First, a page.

Mary Wells, a.k.a. “The First Lady of Motown” died today (July 26, 1992) from throat cancer.
Mary Wells was just 17-years-old when she auditioned her self-written tune “Bye, Bye Baby.”
Wells originally wrote to tune for Jackie Wilson, but Berry Gordy liked her voice so much during her audition at the 20 Grand Club, that he signed her on the spot.
After “Bye, Bye Baby” peaked at #45 on the Pop charts, Berry Gordy aligned Mary Wells with Smokey Robinson and the hits began.
Smokey penned the tunes “The One Who Really Loves You,” which was a hit in 1962.
That same year “You Beat Me to the Punch,” and “Two Lovers,” reached the Top 10, with two lovers being Motown’s first Grammy nomination.
During the period, Mary Wells also recorded a number of memorable duets with Marvin Gaye.
But it was Mary Wells’ 1964 single “My Guy,” which was written by Smokey Robinson, that took her career and Motown into the stratosphere, hitting #1 on the R&B and Pop Charts.
She became involved in a dispute with Motown and left the label in 1964, at the urging of her husband Motown songwriter, Herman Griffin.
Wells signed with 20th Century Fox’s division for a $500,000 advance, although 20th Century had to pay Motown a percentage of Mary Wells’ royalties, for three years.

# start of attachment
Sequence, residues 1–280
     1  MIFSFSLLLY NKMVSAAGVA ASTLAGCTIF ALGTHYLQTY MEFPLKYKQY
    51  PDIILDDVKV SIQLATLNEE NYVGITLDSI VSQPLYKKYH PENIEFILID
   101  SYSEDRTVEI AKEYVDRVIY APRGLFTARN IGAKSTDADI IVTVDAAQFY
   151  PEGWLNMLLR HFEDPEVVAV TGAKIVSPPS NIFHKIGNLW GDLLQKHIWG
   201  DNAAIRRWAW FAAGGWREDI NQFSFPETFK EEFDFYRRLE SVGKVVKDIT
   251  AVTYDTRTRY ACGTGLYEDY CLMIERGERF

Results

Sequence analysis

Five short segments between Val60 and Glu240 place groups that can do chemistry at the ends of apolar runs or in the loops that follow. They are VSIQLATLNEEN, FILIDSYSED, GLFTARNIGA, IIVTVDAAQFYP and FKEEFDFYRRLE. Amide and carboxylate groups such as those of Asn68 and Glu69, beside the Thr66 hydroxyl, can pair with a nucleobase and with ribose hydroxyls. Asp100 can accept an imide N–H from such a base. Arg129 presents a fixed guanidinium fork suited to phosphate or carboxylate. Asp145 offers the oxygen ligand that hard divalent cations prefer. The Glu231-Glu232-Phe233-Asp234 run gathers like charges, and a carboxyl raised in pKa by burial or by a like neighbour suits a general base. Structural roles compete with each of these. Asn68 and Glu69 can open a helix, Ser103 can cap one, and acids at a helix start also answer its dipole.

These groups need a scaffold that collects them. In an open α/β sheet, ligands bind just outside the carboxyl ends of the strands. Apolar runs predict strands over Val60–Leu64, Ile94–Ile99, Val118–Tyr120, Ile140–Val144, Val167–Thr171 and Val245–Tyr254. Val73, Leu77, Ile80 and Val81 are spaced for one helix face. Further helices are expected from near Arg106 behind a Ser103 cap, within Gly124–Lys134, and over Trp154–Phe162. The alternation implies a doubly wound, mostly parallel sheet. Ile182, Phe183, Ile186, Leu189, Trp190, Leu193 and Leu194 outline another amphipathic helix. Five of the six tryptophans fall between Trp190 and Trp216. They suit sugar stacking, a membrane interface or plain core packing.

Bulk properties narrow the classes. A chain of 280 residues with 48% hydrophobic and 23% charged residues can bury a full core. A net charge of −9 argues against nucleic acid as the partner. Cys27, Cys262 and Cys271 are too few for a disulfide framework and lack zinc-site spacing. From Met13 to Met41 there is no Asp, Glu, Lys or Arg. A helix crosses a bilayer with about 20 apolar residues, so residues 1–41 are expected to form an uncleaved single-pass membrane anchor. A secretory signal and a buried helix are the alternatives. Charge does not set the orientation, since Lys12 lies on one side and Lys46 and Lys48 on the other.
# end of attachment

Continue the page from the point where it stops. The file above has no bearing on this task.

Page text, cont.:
The association produced one substantial hit, “Dear Lover,” which was produced by Chicago soul Master Carl Davis (her final Top 10 hit).
After Mary Wells left Motown, the hits stopped coming in and she experienced personal turmoil in her life.
In July 1964, Herman Griffin, now her ex-husband, shot Robert West, Wilson Pickett’s former manager and owner of the legendary Lupine Record label.
The incident occurred in Mary Wells’ Plaza Apartment building in New York and it took out one of West’s eyes, causing him to retire from the business.
In 1966, Mary Wells married Cecil Womack, brother of Bobby Womack. By the 70’s, Mary Wells experienced a resurgence, when a reissue of “My Guy” hit the Top 10 in the UK.
In 1977, she divorced singer Cecil Womack and signed a contract with Epic Records. She managed to hit the Pop charts again with a Disco song named “Gigolo.”
By 1990, Mary Wells’ voice was fading due to her 40-cigarette-per day habit. She visited a hospital, where she was diagnosed with cancer.
Mary Wells was forced to abandon her music career, due to the strains of the treatment, in addition to the expenses associated with it.
Fellow musicians and Motown friends held a benefit concert for Mary Wells in 1990, in order to raise money for her.
Artists like Stevie Wonder, Little Richard, Dionne Warwick, Bruce Springsteen, Bonnie Raitt and Aretha Franklin all hosted benefits or made donations.
In 1991, Mary Wells emerged victorious in another lawsuit against Motown where she recovered hundreds-of-thousands of dollars in back royalties.
Tragically, in 1992, Mary Wells died from cancer at Kenneth Norris Jr. Cancer Hospital in Los Angeles.